Gorman made the surprise announcementduring a scheduled meeting to discuss budget cuts at the Government Center in uptown.

“I’m thrilled to join News Corporation, and to work with someone of Joel’s caliber, and the rest of his team, to transform the educational system through digital technology and other means,” said Dr. Gorman said in a CMS news release. “News Corporation has a reputation for leading significant change across many industries, and I look forward to what lies ahead for the education sector.”

via Gorman resigns as CMS superintendent | Charlotte.

random, Happy Father’s Day, superlatives:  OK, this guy is nuts … I hope his 16 year old son has a sense of humor …

Dad Waving At The Bus

Meet Dale Price, a stay-at-home father of three from American Fork, Utah, who dressed up in 180 different, wacky costumes to wave to his 16-year-old son’s school bus every morning. For 170 days, he greeted the passing bus in almost every costume imaginable. He also wasn’t afraid to cross dress, pictured here on Day 160 as Batgirl. (Dale Price)

via Most Embarrassing Dad? Dad Waves at Son on School Bus, Dressed in 170 Costumes | Photos – ABC News.


3.4.2011 … very quickly tiring of typing with my non-dominant hand. As EWP says, “You need a minion!”

science, medicine technology: Science, medicine, technology … the ultimate merger of the three … what next?

Anthony Atala printed a real kidney when speaking on the stage at TED in Long Beach, Calif. Thursday.

Since 2006, the surgeon from the Wake Forest Institute of Regenerative Medicine has been performing transplants not using human organs, but organs grown in his lab and now experimenting with the next level of possibility – creating organs using a 3-D printer.”

“It’s like baking a cake,” said Atala.

Well, it’s not that simple.

Atala attempted to explain the process as follows: scanners take a 3D image of a kidney that needs to be replaced and a tissue sample the size of half a postage stamp is then used to begin the computerized process. The 3D organ printer then works layer-by-layer to build the replacement kidney using the patient’s own tissue.

via Organs made with a printer – On The Scene With Shira Lazar – CBS News.

civil rights, history, Charles Jones:  I heard Charles Jones speak last night … he was a hoot taking about very serious stuff.

At seventy-three, one can hardly say Charles Jones is retired. In 2008 he appeared in a cameo role in the film Gospel Hill, alongside actors Danny Glover and Angela Basset. He serves as the chairperson for the Biddleville/Smallwood/Five Points Neighborhood Association and continues to travel and lecture about his involvement in the civil-rights movement. “I may be getting older,” Jones says with a gleam in his eyes. “But I’m still out there getting it done on my end, and I still care about all the people.”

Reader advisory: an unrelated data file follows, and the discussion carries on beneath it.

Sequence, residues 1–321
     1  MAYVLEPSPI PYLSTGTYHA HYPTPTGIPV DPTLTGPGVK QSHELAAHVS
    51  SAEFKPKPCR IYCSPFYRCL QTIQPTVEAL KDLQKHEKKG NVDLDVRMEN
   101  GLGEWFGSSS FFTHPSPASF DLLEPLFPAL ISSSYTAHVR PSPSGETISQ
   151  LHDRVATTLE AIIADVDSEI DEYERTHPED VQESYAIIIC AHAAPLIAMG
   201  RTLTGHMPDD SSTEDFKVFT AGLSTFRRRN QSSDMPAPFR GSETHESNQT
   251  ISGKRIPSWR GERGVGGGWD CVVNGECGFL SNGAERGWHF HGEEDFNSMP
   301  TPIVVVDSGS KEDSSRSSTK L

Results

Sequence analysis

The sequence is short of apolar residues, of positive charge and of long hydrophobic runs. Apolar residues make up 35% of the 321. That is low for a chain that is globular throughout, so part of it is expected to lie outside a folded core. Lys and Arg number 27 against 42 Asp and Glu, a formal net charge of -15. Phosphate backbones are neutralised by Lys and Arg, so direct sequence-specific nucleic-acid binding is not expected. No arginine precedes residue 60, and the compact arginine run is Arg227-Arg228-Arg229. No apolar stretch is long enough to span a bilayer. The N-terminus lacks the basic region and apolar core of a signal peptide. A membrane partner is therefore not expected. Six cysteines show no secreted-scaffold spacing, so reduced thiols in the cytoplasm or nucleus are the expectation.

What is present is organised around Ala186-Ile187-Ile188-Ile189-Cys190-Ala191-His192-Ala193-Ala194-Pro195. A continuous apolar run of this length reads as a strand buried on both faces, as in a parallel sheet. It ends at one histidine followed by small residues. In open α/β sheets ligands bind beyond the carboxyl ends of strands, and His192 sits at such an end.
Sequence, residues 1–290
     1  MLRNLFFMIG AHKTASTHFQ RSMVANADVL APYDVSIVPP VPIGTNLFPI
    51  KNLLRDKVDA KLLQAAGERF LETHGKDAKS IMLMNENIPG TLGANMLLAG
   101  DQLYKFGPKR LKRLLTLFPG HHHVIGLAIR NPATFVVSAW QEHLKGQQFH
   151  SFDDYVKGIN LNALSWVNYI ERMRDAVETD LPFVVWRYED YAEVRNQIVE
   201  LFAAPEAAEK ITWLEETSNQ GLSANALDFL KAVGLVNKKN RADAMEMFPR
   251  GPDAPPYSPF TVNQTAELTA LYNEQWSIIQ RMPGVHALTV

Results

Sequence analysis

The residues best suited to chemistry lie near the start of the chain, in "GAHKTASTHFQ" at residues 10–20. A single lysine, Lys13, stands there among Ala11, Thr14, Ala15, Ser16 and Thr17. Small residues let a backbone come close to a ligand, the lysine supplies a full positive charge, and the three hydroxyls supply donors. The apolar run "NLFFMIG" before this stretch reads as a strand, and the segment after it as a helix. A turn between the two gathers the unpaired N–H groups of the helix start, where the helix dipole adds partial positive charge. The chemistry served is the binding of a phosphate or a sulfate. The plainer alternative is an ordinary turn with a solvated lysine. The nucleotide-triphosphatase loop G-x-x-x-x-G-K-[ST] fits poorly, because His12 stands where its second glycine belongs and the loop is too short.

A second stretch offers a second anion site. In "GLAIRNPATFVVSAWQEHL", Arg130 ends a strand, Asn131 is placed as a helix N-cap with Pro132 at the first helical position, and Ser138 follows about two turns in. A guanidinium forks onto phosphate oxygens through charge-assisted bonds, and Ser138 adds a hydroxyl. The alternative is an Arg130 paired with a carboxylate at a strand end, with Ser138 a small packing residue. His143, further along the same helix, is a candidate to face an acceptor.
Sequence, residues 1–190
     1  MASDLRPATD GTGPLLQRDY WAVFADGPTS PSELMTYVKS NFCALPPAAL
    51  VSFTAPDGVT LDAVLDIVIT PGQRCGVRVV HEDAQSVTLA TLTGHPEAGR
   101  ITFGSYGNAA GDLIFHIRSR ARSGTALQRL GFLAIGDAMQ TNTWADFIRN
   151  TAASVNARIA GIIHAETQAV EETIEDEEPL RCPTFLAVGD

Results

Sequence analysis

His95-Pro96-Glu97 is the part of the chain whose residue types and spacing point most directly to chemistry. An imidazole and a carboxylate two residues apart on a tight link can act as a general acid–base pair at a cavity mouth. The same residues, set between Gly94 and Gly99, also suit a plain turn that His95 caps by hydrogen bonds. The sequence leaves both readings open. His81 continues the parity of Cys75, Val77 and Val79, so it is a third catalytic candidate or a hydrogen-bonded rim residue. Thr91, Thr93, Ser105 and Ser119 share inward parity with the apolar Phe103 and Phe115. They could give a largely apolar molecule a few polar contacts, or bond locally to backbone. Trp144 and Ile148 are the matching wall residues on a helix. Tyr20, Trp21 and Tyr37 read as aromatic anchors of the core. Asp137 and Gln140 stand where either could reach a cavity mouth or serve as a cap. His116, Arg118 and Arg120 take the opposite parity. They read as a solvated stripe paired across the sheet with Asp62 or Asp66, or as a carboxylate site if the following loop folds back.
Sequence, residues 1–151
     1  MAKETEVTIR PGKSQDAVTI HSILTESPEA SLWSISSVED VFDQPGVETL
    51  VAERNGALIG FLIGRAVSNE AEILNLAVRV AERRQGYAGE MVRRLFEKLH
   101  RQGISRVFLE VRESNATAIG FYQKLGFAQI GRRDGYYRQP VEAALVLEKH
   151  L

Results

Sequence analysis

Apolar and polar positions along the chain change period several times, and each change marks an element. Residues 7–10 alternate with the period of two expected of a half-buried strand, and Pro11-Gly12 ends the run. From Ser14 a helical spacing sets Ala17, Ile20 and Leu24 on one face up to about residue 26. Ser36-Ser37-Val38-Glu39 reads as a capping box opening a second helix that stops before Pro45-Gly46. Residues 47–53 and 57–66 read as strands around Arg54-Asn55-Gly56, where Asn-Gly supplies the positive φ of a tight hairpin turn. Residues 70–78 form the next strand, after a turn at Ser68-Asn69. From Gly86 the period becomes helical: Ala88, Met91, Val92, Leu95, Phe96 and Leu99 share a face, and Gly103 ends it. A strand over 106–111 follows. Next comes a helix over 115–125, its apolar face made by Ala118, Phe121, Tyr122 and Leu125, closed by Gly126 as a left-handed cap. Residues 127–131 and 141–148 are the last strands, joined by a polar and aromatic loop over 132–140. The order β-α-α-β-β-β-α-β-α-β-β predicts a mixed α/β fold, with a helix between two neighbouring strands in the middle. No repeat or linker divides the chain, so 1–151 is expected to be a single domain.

In his role as neighborhood chairperson, Jones sees a bright future for the area he’s called home for more than sixty years. “Our goal is to make this a community where all people can live together. Black, white, gay, straight. We want to recapture that cohesive concern people used to have for each other.

“We looked out for each other back then, and I think we can still do that today.”

via Stumbling Across a Hero – Charlotte Magazine – February 2011 – Charlotte, NC.

culture, family, changes:  We often had Sunday dinner, but not always.  My kids have had Bojangles on the way home from church.

Whatever happened to Sunday dinner – where did it go?  Was it packed up in the attic, along with the iced tea spoons, damask tablecloths, lace doilies, and sherbert dishes?  Deposited in the cedar closet with the short white gloves, petticoats, and fox fur stoles?  Truth be told, I believe it is buried under the shade trees in the cemetery where the women who cooked it now lie.

… We continue to try to make family connections on Sundays.  I always call my mother in Savannah, and my daughter always calls us from college in Chapel Hill.  But now Sunday afternoon is more of a lonesome time–quiet and spare.  And I’m ashamed to admit that I don’t even know how to make gravy.

via The Days of Rice and Gravy by Kathleen Brewin Lewis |

Jane Austen, Pride and Prejudice, Sense and Sensibility, history:

In a well-known burst of ebullience, Jane Austen once called Pride and Prejudice “my own darling Child.” Yet, in 1811, after agreeing to guarantee Thomas Egerton against losses on the printing of what, as far as she then knew, might be her only published novel, Austen chose to stake her literary reputation –and her fortune – not on First Impressions (as Pride and Prejudice was then known), but on the more recently completed Sense and Sensibility. Though profits from Sense and Sensibility eventually covered expenses and earned its author a respectable sum, it is rarely cited as a favorite among Austen fans, and critics and scholars often find it problematic.